If you’re here reading this article, indeed you’ve experienced that mini heart attack when your newborn baby won’t wake up, but you swear they are breathing.
Being a mother, I have been there. I have freaked out at the fact that my two-month-old was sleeping for five to six hours, and I couldn’t get her to wake up. Eventually, she woke up and everything was fine.
Now, let’s discuss whether this is normal and how common it is. Is there something you should do when something like this happens? What do you do now?
You should know that newborns can be hard to wake up, especially when they are in a deep sleep, which happens quite often. Newborns not waking easily during deep sleep can be perfectly normal. Moreover, typical sounds around the house may not even do it, but it should not be impossible.
Why is My Baby Hard to Wake Up
So why is your baby so hard to wake up when he or she sleeps?
As stated above, newborns or infants tend to take some time before they adapt a proper routine and sleep schedule.
The sleep schedules of babies and adults are quite different. We tend not to take as much time to fall asleep as babies do, and we tend to sleep for a relatively greater time span.
Usually, when a newborn baby sleeps, he or she goes into fairly deep sleep patterns and can be hard to wake up. Maybe this is the reason that your baby is not awoken easily.
However, it is not good for a sleeping baby to not have milk/food for quite some time. Therefore, make sure you wake him or her to feed every two to three hours.
Is it Normal
Yes, though it can be alarming.
A baby sleeping deeply without waking is normal, as long as it is not for an insane amount of time. For example, sleeping for 15-16 hours straight is totally alarming and you should definitely call 911.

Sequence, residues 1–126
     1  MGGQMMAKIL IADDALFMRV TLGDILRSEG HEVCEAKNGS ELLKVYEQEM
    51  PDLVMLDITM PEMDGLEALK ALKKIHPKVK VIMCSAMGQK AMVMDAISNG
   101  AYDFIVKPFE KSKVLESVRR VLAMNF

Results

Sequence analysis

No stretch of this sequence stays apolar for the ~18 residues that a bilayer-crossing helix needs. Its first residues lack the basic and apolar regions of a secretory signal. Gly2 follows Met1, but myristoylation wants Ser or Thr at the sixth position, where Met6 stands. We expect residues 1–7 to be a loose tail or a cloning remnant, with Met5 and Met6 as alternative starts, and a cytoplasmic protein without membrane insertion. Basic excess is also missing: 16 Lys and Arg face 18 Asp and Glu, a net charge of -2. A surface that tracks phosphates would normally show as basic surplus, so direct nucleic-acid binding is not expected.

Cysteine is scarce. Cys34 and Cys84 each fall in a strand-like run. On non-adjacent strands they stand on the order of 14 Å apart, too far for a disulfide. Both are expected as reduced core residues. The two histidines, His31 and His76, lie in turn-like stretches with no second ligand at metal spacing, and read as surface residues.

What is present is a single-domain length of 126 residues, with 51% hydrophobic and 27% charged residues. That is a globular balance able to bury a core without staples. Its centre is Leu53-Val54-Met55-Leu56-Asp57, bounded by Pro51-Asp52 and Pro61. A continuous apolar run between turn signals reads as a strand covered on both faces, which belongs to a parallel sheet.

Also, knowing your little one’s sleep schedule helps in predicting if it is normal for your baby to sleep for this long or if is it something he or she is doing for the first time.
What Are the Main Reasons Behind This?
Two of the most common reasons behind deeper sleep are hunger and dehydration.
Your baby may be hungry and doesn’t have the energy to move, or he may be too dehydrated to move.
Should You Force a Baby to Wake Up
Being a mom of two, this is one question that I get from my peers and new moms-to-be.
Yes, you can force your baby to wake up when he or she has had enough sleep by rubbing his hands or feet, taking his or her clothes off, gently shaking him or her, and using similar strategies. Do not do anything more aggressive than that, as it could be life-threatening.
If your baby is still not waking up, try calling the nurse at the pediatrician’s office. Trust me, they have heard it all, and they can be of great help without making you feel stupid.
With my second baby, I called the nurse for random questions as many times as I did with my first, and I am glad I took the help.
When Can You Do It
Understanding the science behind baby sleep can be a task. Hence, it’s crucial for young babies that you let them have proper sleep but also educate yourself when it’s not normal.
Some of the signs that can alert you that you need to wake your baby up are when it’s been an abnormal amount of time and you’re worried their blood sugar levels might have dropped or if you notice the color of their hands, feet, or lips changing.
What Happens if a Newborn Won’t Wake Up to Feed?
When it comes to babies’ sleep patterns, there are generally two kinds: light sleep and deep sleep.
If you notice your baby is in a light sleep, he or she will be very easily woken up every hour or two for feeding. However, if your baby falls into a deep sleep, it will be a challenge.
Light Sleep vs. Deep Sleep